The “greenwashing” efforts of UK airlines may be contributing to the destruction of rainforests in Asia, openDemocracy can reveal. The aviation industry began boasting of using ‘sustainable aviation fuel’ (SAF) last year. It claims this will help it to achieve net-zero emissions by 2050 because it is made from ‘waste and residue’ materials and can produce 80% less emissions than fossil jet fuel. But government data reveals that more than 80% of the 26 million litres of SAF supplied to airlines in the UK last year was made from imported “used cooking oil”. Most came from countries in Asia, where its authenticity has been questioned.

Private Jets Are Dirty Luxuries For The Ultra Rich – Let’s Tax Them

For several hours in early November 2022, hundreds of protesters grounded all private flights at Amsterdam’s Schiphol Airport, one of the most popular and busiest airports in the world. Activists sat on runways to block private jets from taking off before military police moved in and arrested more than 100 protesters. “The superrich have got used to polluting as they please with a total disregard for people and planet, and private jets are the pinnacle of these luxury emissions that we simply cannot afford,” one activist told The Intercept. Fast forward a few months, and the protesters appeared to be on the brink of success. Schiphol Airport decided to implement a total private jet ban in an effort to reduce air traffic.

Airline Pilots In The US Are Barreling Closer To A Possible Strike

As the busy summer travel season approaches, 25,000 union pilots at two of the nation’s largest commercial airlines — American and Southwest — are taxiing on the runway of a potential strike. Last week, the Allied Pilots Association (APA), which represents 15,000 pilots at American Airlines, announced that its members had voted overwhelmingly to authorize a work stoppage. Signaling their unity, thousands of uniformed APA members held informational pickets on May Day at ten of the nation’s major airports, including Chicago’s O’Hare and Boston’s Logan. “With more than 99% of participating pilots voting in favor of authorizing a strike, our pilots’ resolve is unmistakable,” said Capt. Ed Sicher, APA president.

Inside Southwest’s Horrific Holidays

For America’s rich and powerful, the new year is beginning in a most inauspicious fashion. Millions of Americans are once again fuming at the greed and grasping of our deepest pockets. That fuming — from would-be passengers of Southwest Airlines and their families — filled airports throughout this past holiday week. For good reason. At the height of the travel-heavy holidays, Southwest was canceling 60 percent of the airline’s daily flights. Over 15,000 Southwest planes never lifted off. Late December’s heavy dose of stormy weather certainly did set the stage for Southwest’s holiday meltdown. But Southwest can’t put the blame for the airline’s massive melt on the cold, wind, and snow. Other airlines delivered, amid the same winter weather, far better service.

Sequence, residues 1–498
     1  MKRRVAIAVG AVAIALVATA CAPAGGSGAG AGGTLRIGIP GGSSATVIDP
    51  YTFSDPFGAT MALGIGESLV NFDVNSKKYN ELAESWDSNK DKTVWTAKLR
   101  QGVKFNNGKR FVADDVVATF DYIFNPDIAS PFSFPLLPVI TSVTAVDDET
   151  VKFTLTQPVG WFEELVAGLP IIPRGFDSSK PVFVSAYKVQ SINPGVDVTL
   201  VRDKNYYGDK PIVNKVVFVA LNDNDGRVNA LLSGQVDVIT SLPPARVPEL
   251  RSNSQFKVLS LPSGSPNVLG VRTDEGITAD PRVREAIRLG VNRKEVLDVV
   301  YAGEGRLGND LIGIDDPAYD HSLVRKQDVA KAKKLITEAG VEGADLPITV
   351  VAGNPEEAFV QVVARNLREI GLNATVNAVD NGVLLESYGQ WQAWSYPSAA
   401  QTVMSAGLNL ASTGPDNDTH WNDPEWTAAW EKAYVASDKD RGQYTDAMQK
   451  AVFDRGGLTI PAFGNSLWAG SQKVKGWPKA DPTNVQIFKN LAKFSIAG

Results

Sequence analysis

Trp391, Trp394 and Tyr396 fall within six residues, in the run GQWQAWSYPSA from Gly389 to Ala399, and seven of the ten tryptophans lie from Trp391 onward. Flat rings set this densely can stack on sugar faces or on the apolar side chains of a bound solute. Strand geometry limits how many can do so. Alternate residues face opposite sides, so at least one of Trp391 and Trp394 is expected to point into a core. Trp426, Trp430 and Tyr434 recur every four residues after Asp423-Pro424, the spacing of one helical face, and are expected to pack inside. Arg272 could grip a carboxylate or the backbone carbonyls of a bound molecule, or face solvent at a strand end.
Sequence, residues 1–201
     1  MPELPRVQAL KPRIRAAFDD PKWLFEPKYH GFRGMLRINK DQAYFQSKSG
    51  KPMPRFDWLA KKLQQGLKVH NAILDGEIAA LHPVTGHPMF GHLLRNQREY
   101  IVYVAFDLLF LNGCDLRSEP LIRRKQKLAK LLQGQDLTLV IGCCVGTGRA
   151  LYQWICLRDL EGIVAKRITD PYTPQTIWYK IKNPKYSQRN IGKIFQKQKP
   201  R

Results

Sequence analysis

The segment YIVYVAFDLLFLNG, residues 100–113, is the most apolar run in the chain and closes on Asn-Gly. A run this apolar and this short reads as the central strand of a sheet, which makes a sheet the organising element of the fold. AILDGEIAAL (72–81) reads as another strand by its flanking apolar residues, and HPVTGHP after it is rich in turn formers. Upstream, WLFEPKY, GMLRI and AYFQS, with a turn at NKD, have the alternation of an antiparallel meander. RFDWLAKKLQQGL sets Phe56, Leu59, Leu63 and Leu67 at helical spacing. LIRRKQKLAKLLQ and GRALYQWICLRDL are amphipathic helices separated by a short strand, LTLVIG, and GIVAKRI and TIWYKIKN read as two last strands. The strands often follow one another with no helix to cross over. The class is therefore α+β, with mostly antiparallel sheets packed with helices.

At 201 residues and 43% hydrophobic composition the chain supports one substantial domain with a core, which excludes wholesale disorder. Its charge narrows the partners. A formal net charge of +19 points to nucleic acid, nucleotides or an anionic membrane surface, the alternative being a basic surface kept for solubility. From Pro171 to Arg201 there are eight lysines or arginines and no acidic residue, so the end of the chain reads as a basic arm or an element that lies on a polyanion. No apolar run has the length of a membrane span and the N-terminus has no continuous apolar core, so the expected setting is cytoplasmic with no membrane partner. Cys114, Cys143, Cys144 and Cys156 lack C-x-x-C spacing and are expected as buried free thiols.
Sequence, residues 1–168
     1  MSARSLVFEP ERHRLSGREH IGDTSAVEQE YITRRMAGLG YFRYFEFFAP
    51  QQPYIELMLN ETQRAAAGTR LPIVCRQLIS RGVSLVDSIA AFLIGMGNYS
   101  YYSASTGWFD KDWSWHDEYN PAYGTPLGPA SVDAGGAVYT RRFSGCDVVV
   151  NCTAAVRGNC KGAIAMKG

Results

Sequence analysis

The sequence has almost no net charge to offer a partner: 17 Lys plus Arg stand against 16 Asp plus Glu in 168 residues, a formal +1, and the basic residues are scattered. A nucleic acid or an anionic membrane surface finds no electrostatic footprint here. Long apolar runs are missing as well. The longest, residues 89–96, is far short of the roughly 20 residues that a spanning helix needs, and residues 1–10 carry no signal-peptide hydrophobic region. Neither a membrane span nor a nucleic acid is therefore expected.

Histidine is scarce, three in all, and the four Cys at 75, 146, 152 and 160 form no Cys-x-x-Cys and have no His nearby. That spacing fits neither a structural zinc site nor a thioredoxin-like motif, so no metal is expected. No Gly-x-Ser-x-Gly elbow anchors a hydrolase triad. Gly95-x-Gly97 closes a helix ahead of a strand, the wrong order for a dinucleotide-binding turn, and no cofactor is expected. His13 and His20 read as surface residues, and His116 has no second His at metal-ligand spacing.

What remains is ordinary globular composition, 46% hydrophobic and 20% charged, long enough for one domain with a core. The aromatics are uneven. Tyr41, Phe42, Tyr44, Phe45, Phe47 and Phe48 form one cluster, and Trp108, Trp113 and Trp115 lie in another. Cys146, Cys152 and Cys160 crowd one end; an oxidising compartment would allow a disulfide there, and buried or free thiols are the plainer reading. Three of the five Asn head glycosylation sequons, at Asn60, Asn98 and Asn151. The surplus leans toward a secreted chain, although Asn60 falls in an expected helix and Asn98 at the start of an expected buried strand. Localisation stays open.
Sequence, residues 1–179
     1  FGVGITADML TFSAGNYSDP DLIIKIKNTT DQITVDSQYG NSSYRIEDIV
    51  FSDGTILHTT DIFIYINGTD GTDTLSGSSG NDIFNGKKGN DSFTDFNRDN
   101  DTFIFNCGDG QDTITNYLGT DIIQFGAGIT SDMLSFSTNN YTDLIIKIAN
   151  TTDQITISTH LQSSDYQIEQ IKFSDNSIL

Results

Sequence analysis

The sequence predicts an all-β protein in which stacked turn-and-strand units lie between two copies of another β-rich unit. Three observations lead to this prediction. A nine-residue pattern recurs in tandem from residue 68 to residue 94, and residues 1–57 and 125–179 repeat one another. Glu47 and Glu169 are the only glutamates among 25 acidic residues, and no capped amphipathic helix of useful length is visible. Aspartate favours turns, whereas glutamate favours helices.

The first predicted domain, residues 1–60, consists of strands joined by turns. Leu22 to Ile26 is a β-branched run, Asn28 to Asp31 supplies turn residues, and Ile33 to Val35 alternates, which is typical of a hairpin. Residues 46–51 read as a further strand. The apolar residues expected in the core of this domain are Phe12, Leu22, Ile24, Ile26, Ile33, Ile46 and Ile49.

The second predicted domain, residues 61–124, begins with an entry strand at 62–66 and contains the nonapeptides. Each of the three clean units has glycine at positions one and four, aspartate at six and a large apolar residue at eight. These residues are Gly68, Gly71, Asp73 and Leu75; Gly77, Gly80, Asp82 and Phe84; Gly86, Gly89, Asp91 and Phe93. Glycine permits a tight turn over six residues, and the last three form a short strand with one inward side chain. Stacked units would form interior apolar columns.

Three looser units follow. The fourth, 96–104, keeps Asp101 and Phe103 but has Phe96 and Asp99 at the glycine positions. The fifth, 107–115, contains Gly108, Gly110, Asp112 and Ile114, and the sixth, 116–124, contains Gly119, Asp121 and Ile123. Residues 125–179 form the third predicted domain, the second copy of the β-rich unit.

Grueling Holiday Conditions On The Horizon For Airport Workers

Every year, the media churns out countless headlines on holiday travel surges, operational issues, delays, and lost bags, while ignoring low paid and understaffed workers at airports around the United States. Starting Thanksgiving week, airports are flooded with a holiday surge in passengers, with air travel this season projected to be around 99% of pre-pandemic levels. Bearing the brunt of the holiday travel demands are airport workers who are now expected to handle this surge despite severe understaffing and low pay in the wake of the COVID-19 pandemic. Many were initially laid off or furloughed at the onset of the pandemic, which added considerable stress to the overwhelmed workforce. While airlines have returned to relative normalcy, reporting millions of dollars in profits and increased air travel demand, workers report being unable to afford their basic living necessities on the wages they are paid.

US Airline Workers Join Railroaders In Fight Against Abusive Work Conditions